If you’re not well aware of the increasing popularity of kayak fishing, brother you’re missing the ‘yak! Across the entire country more and more anglers are purchasing kayaks to fill their saltwater fix, and this was clearly evident at the record breaking sixth annual Jacksonville Kayak Fishing Classic. With 430 anglers targeting the fertile inshore watershed of Jacksonville in search of redfish, trout and flounder, this catch-photo-release charity event raised over $43,000. With more than 100 sponsors and thousands of dollars in prizes and giveaways, this eco-friendly tournament not only attracted area residents but anglers from California, Michigan, Ohio, Wisconsin, Texas, and states all along the eastern seaboard.
Jacksonville, home to Florida’s First Coast, has always been known for its outstanding inshore action. With over 400-miles of river, intracoastal waterways (ICW), creeks, and backwaters, Jacksonville has as diverse of an inshore fishery as any location in the state. Combine this unique fishery with numerous access points and pleasant weather year-round, and you have what’s arguably the best kayak venue in the entire country. What makes this area so special is the wide gamut of tidal conditions, available species and unique waterways.
We kept telling ourselves that it couldn’t possibly get any bigger, and yet this year we had over 400 anglers!
For tournament director Mike Kogan the idea of a kayak fishing tournament emerged from visitors to his website. “After launching www.jaxkayakfishing.com in 2004, members of the online community thought it would be a good idea to have a fishing tournament strictly limiting participation to kayak anglers. Our inaugural event was held in April 2005 and drew an impressive 100 anglers. The second event was in October 2005, back when we were foolish enough to think we could have more than one event a year. The October tournament hosted 170 anglers and the now annual event has since been tagged The worlds largest kayak fishing tournament. The 2008 event had 340 participants and we thought that was it. We kept telling ourselves that it couldn’t possibly get any bigger, and yet this year we had over 400 anglers! We were overwhelmed at the incredible turnout – even in these challenging economic times participation from anglers and sponsors points to continued strong growth for kayak fishing.”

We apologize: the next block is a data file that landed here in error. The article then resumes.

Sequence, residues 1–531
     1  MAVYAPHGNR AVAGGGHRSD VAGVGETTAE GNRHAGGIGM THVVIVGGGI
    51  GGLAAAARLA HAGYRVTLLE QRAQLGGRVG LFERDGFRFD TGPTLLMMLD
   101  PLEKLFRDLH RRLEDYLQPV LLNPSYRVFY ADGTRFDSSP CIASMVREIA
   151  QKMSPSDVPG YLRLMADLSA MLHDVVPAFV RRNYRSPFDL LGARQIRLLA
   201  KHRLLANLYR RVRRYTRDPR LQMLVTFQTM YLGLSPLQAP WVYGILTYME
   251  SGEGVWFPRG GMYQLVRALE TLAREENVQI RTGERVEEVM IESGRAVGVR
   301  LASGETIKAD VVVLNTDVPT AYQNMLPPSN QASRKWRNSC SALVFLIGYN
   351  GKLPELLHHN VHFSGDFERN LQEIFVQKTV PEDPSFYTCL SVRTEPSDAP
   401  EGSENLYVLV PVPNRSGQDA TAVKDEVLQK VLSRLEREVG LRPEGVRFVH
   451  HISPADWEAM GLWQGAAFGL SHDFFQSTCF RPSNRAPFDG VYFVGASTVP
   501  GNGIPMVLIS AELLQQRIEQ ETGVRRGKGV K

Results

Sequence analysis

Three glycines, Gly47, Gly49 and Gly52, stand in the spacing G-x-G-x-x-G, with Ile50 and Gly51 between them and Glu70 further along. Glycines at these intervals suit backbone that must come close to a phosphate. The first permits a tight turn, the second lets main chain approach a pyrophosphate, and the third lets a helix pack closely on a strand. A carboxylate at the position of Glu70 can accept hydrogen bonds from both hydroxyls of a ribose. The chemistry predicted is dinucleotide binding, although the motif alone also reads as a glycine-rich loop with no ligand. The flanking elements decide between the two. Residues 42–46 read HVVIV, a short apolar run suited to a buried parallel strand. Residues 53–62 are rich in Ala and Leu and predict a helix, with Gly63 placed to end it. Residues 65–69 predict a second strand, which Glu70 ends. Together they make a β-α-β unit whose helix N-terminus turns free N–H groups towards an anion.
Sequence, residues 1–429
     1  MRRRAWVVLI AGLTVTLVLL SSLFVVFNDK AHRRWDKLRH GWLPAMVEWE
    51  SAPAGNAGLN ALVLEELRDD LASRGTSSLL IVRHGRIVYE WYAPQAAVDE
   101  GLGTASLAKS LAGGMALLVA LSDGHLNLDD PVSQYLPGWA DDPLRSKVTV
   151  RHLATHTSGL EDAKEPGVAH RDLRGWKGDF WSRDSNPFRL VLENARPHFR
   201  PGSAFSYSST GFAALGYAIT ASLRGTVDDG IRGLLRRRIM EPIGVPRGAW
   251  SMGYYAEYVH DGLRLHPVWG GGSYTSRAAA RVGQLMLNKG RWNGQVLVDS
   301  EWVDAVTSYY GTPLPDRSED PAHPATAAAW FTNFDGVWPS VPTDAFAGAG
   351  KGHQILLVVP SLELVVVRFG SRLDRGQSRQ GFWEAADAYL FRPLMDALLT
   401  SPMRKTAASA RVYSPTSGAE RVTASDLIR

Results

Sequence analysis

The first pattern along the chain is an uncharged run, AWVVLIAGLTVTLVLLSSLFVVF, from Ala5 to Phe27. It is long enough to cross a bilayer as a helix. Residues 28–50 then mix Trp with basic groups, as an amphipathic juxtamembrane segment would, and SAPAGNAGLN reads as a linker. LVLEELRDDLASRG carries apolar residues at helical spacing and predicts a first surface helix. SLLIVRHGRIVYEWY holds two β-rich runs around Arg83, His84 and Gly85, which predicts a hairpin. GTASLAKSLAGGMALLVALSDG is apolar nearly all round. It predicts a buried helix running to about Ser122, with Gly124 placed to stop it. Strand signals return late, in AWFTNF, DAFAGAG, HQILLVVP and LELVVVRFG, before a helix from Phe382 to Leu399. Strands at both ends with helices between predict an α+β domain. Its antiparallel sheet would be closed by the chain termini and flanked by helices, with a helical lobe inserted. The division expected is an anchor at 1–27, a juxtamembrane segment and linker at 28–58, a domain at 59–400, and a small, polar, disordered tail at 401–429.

The 2009 Classic was led by the title sponsorship of Columbia Sportswear, whose focus on products that allow people to enjoy the outdoors more comfortably was a perfect match for kayak fishing. According to Columbia Sportwear VP of Global Sales Mitch Fields, “Our high performance Blood & Guts line is ideal for kayak anglers who are on the water all day – they get UPF protection up to 50 with Omni Shade technology, venting for comfort and cooling, and a performance fabric which repels and releases stains.”
Other industry leaders such as Hobie Kayaks, Malibu Kayaks, Wilderness Systems, Ocean Kayaks, Shimano, Pure Fishing, and Costa Del Mar joined Columbia in supporting the 2009 Classic. The family-oriented event also pulled together many of Northeast Florida’s kayak and fishing retailers led by Strike-Zone Fishing, Black Creek Outfitters, Gander Mountain, All Wet Sports, West Marine, and Dick’s Sporting Goods.
“The great efforts of our volunteers and the kayak fishing community, combined with the generosity of our terrific sponsors, made this event an unqualified success – and the fishing was sensational!” Continued Kogan.